Monday 15 March 2010

Emilie Autumn at Islington Academy 12 March 2010

Emilie Autumn

Is this a gig? Or is it something else entirely- a trip down the rabbit hole, a Sunday stroll to see the inmates at Bedlam? Or simply the best pantomime in town?
This I do know. The only instruments played tonight are violin and harpsichord, other parts being pre-recorded on a thumping backing tape. You got a problem with that?
This is the weird and dauntingly strange world of U.S. artiste Emilie Autumn, ably assisted by her troupe of Bloody Crumpets, a dangerous, glamorous, voluptuous and probably incestuous brood of ne’er-do-wells who are as ambiguous in their sex as they purport to be in their morals.

Tonight’s show is beyond high camp. It’s a phantasmagorical concoction of Aubrey Beardsley, Pirates of the Caribbean, Noel Coward, Victorian music hall, Twenties burlesque and above all, the Alfred Tenniel version of Alice In Wonderland. Compared to the Tea Party thrown by Emilie and her crew, the recent Tim Burton version of the tale looks like a staid and grim documentary.

For the best part of two hours the crowd (lovingly referred to throughout as “Plague Rats”) are entertained by songs, sketches, striptease and stilt-walking. And some nifty violin and harpsichord, obviously.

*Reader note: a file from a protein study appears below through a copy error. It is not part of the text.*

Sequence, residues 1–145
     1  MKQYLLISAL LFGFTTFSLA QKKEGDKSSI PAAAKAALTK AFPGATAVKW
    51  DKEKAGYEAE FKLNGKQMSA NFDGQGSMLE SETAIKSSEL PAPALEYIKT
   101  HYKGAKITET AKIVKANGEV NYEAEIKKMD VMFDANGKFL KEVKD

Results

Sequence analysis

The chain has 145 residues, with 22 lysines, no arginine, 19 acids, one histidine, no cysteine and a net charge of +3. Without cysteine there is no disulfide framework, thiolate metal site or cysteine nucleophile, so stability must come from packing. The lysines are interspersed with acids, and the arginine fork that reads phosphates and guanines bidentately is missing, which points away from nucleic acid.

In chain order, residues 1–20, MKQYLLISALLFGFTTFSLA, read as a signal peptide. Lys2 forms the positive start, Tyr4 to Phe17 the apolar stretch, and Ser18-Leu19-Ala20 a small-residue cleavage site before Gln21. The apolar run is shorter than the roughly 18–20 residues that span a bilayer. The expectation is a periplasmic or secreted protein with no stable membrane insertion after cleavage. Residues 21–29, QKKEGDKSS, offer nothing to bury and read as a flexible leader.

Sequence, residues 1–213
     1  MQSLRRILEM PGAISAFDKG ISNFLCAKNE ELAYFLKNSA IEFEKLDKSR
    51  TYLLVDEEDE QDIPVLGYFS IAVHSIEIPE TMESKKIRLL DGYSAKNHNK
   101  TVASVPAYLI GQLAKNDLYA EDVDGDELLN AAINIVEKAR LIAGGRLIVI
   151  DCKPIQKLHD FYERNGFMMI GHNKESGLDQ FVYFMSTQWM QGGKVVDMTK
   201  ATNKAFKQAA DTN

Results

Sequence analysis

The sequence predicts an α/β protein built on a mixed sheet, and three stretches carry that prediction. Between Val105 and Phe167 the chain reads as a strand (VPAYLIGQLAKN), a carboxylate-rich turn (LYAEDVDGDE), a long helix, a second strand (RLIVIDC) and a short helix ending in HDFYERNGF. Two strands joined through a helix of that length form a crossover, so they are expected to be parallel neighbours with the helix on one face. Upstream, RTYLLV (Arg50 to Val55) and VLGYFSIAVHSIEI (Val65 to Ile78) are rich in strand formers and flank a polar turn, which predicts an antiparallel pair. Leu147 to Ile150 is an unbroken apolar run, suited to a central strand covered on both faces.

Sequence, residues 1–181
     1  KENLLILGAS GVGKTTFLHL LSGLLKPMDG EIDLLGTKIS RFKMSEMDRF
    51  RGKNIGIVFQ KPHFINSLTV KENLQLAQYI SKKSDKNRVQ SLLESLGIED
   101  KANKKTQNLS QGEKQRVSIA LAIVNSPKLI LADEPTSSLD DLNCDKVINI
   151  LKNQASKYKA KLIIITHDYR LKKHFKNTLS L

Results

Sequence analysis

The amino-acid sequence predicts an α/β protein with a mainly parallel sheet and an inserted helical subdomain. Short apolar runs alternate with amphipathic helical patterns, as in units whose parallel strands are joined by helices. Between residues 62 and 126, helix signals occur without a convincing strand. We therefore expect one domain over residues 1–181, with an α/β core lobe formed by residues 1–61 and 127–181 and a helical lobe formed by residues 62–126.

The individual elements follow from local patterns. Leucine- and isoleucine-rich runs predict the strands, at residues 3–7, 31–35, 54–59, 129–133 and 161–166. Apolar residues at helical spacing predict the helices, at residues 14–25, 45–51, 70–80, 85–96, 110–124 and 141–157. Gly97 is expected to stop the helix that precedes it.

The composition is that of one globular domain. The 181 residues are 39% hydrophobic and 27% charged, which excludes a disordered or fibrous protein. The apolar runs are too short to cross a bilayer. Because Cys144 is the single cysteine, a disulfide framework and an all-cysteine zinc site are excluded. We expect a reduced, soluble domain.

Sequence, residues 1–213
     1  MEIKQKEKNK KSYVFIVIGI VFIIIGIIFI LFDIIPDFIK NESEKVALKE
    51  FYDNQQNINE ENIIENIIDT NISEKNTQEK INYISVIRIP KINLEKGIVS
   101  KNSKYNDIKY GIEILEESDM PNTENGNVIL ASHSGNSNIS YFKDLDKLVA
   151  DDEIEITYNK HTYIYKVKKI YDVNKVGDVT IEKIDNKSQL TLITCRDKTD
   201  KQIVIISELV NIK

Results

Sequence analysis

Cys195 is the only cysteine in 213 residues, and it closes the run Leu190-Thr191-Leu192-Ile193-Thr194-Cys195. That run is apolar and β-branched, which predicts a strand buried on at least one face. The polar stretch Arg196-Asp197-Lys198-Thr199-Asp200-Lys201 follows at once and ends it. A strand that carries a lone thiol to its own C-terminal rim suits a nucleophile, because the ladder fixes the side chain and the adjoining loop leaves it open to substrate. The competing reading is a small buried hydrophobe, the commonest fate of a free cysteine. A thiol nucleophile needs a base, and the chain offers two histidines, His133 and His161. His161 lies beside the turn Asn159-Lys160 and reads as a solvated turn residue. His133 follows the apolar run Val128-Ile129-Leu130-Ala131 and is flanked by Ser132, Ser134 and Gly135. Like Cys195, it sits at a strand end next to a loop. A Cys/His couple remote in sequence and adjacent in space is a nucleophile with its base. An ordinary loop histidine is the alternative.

Emilie is the focus of attention, her hair in bright red cascades, resplendent for much of the gig in camiknickers, rodent ears and tail. She strikes a balance between mistress of ceremonies and musical performer, knocking out crowd pleasers such as “Opheliac” and “The Art Of Suicide”, whilst also taking time to dabble in a lot of will-they-won’t-they faux lesbian schtick with her spectacularly proportioned sidekick Veronica Varlow.
The audience , who are almost uniformly bedecked in garb that would make Tim Burton stomp off home to Hampstead in defeat, are happy to play foil to this mayhem – joining in the choruses, throwing muffins and crumpets (all in good fun), vying to take part in a segment of the show called ‘The Rat Game’, where one lucky participant gets to come onstage and sing along with one of the songs.

I last saw this band (show?) about three years ago. In that time they have upped their game considerably, although there is now much more emphasis on performance rather than simply playing music.

At one point towards the end the whole ensemble perform a version of ‘Bohemian Rhapsody’ that even Freddie Mercury might have considered to be over the top. That this indulgence is by no means the highpoint of the evening goes some way to illustrating the maniacal insanity of this revue.

Gig? Probably. Entertainment? Definitely. Recommended? Absolutely!

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